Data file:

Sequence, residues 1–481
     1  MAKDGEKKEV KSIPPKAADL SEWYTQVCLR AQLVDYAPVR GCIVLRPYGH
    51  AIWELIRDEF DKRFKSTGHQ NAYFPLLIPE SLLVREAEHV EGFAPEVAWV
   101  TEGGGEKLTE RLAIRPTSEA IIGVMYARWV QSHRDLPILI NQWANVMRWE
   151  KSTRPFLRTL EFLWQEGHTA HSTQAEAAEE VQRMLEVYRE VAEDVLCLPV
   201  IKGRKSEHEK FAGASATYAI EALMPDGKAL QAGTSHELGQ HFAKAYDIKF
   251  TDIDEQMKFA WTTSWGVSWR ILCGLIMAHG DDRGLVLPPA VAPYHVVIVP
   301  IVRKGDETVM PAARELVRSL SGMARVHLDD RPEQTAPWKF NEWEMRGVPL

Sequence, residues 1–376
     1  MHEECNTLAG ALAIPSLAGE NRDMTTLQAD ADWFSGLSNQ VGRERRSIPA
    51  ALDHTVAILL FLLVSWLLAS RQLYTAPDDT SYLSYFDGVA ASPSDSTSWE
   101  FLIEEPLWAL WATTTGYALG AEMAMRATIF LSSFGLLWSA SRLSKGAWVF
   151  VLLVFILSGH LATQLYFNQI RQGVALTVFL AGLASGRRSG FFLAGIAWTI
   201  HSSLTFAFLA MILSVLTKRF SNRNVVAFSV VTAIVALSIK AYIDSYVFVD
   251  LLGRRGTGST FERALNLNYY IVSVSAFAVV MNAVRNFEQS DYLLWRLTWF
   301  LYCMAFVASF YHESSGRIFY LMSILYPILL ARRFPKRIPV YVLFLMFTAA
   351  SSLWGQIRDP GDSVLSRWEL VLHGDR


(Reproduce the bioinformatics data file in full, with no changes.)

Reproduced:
Sequence, residues 1–481
     1  MAKDGEKKEV KSIPPKAADL SEWYTQVCLR AQLVDYAPVR GCIVLRPYGH
    51  AIWELIRDEF DKRFKSTGHQ NAYFPLLIPE SLLVREAEHV EGFAPEVAWV
   101  TEGGGEKLTE RLAIRPTSEA IIGVMYARWV QSHRDLPILI NQWANVMRWE
   151  KSTRPFLRTL EFLWQEGHTA HSTQAEAAEE VQRMLEVYRE VAEDVLCLPV
   201  IKGRKSEHEK FAGASATYAI EALMPDGKAL QAGTSHELGQ HFAKAYDIKF
   251  TDIDEQMKFA WTTSWGVSWR ILCGLIMAHG DDRGLVLPPA VAPYHVVIVP
   301  IVRKGDETVM PAARELVRSL SGMARVHLDD RPEQTAPWKF NEWEMRGVPL

Sequence, residues 1–376
     1  MHEECNTLAG ALAIPSLAGE NRDMTTLQAD ADWFSGLSNQ VGRERRSIPA
    51  ALDHTVAILL FLLVSWLLAS RQLYTAPDDT SYLSYFDGVA ASPSDSTSWE
   101  FLIEEPLWAL WATTTGYALG AEMAMRATIF LSSFGLLWSA SRLSKGAWVF
   151  VLLVFILSGH LATQLYFNQI RQGVALTVFL AGLASGRRSG FFLAGIAWTI
   201  HSSLTFAFLA MILSVLTKRF SNRNVVAFSV VTAIVALSIK AYIDSYVFVD
   251  LLGRRGTGST FERALNLNYY IVSVSAFAVV MNAVRNFEQS DYLLWRLTWF
   301  LYCMAFVASF YHESSGRIFY LMSILYPILL ARRFPKRIPV YVLFLMFTAA
   351  SSLWGQIRDP GDSVLSRWEL VLHGDR